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Record No. 0303-01-2
JANUARY 29, 2002

Present: Judges Elder, Clements and Agee

Argued at Richmond, Virginia






Horace A. Revercomb, III, Judge

Gordon A. Wilkins (Wilkins & Davison, on brief), for appellant.

Eugene Murphy, Assistant Attorney General (Randolph A. Beales, Attorney General, on brief), for appellee.

Roy G.E. Longfield (Longfield) was found guilty by a jury and convicted of two counts of aggravated sexual battery, in violation of Code ??18.2-67.3, and of having carnal knowledge of a child between the ages of 13 and 15, in violation of Code ??18.2-63. He was sentenced to serve a term of four years incarceration and to pay fines totaling $3,000. On appeal he contends the trial court erred by (1) allowing more than two witnesses to testify in corroboration of the victim’s complaint being made and (2) refusing to declare a mistrial after a witness testified that the victim was afraid Longfield would hurt other children. For the following reasons, we affirm the decisions of the trial court.


As the parties are fully conversant with the record in this case and because this memorandum opinion carries no precedential value, only those facts necessary to a disposition of this appeal are recited.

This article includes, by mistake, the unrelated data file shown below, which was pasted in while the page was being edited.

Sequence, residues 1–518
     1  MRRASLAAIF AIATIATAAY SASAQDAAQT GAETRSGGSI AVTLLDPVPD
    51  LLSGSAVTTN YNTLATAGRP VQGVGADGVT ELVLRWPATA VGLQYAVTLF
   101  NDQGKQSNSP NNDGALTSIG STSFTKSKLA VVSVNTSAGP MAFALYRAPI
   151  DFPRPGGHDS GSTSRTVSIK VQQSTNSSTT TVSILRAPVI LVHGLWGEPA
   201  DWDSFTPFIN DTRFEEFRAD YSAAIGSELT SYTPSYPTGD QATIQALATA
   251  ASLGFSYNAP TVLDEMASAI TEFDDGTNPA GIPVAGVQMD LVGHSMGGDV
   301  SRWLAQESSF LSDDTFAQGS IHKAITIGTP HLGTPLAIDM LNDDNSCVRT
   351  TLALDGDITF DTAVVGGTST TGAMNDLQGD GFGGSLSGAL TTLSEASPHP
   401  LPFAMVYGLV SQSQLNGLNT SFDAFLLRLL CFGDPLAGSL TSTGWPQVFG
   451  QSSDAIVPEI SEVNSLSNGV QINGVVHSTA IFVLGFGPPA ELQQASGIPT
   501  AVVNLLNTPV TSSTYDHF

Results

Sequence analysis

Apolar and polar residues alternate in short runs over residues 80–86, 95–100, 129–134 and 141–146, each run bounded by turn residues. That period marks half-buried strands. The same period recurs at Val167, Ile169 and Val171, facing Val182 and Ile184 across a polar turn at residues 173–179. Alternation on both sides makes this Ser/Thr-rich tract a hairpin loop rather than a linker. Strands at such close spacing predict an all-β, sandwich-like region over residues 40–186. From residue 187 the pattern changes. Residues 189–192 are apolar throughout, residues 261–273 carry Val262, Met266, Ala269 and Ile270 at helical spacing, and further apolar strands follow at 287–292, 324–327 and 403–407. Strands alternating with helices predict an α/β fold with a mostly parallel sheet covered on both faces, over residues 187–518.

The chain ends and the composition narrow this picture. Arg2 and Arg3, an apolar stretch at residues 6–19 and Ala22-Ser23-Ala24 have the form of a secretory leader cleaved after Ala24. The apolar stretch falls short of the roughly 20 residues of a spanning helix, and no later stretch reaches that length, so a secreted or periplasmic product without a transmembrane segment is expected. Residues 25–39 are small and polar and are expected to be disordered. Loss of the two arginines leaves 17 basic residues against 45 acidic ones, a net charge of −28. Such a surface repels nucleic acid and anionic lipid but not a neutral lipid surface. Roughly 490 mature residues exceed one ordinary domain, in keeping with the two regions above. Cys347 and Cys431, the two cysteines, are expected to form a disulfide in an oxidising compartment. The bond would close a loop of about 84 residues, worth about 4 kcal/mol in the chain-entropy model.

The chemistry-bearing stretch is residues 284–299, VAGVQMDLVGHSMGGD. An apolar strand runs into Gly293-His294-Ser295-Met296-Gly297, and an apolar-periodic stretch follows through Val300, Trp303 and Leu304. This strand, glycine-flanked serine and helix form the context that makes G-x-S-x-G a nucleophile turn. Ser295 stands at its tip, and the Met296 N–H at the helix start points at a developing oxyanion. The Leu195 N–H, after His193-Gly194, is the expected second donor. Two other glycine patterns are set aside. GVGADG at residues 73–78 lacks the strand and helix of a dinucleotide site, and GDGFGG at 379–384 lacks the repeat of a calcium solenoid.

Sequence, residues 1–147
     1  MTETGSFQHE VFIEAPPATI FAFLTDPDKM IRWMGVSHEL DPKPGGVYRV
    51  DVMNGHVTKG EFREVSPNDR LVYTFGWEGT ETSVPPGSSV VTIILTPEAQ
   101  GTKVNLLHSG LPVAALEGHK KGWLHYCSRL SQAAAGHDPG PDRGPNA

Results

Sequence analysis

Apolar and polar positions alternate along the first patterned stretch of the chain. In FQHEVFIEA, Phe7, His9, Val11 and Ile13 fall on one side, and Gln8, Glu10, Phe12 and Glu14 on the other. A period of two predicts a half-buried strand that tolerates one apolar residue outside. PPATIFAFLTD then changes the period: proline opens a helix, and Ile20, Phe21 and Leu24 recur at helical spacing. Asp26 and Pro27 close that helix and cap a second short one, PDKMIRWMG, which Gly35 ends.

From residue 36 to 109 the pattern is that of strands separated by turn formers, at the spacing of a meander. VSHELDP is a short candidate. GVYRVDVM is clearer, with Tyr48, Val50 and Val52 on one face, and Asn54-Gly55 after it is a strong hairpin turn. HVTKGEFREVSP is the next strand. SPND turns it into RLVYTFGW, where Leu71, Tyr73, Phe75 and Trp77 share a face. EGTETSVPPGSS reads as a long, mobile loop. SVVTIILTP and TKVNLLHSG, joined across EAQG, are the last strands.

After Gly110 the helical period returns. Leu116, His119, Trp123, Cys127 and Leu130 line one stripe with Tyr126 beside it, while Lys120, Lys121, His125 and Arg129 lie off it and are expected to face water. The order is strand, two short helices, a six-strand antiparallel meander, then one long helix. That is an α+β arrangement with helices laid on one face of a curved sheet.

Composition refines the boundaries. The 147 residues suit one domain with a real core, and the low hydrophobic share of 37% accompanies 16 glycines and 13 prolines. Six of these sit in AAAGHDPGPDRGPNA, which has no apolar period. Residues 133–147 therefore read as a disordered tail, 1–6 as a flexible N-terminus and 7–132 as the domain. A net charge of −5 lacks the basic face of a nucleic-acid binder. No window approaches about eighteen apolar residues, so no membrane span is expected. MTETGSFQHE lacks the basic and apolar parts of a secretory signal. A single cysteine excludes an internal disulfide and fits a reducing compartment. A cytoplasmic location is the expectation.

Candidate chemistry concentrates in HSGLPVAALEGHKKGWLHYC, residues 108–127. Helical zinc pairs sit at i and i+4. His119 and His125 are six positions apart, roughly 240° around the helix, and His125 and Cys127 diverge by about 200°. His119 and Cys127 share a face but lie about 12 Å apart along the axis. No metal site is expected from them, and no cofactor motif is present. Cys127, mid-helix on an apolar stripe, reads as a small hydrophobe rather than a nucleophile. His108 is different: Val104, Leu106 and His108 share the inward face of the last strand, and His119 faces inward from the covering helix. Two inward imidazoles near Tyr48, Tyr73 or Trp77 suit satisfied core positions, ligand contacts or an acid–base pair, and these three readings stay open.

Longfield sexually assaulted the complainant (the victim) in 1998 when she was twelve years old. In 1999, shortly after the victim turned thirteen years old, Longfield had sexual intercourse with her. Two weeks after this incident, the victim told her brother and a friend of the assaults. The brother arranged for their mother to be told about the incident. Later, the victim described the assaults to her special education teacher, an investigating police officer and her therapist.

At trial, the brother, the mother, the teacher, the investigating officer and the therapist each testified as to the victim’s outcry to him or her. Longfield objected to the testimony of the teacher, the officer and the therapist as “a parade of witnesses” and “piling on evidence.” The objection was overruled.

The therapist also testified that the victim “was very concerned that [Longfield], would harm other young girls.” Longfield objected to this statement and moved for a mistrial. The trial judge took the motion under advisement and later instructed the jury to ignore the statement.


Longfield’s first contention on appeal is that the trial court erred in allowing more than two witnesses to testify as to the victim telling each of them of her assault. Longfield does not argue that all witness testimony regarding the victim’s complaints of sexual assault should have been excluded, only those made to the teacher, the investigating officer and the therapist. He does not challenge the timeliness of any of the complaints, nor does he suggest that the foundation provided for the witnesses’ testimony was improper. He contends the Commonwealth was limited to two witnesses to the victim’s complaint and the testimony of any additional witnesses is barred by the hearsay rule. Further, he argues that the testimony given by the teacher, the investigating officer and the therapist of the victim’s prior consistent statements was “merely cumulative and .?.?. prejudicial to [him].” Upon a review of the record, we find no reversible error.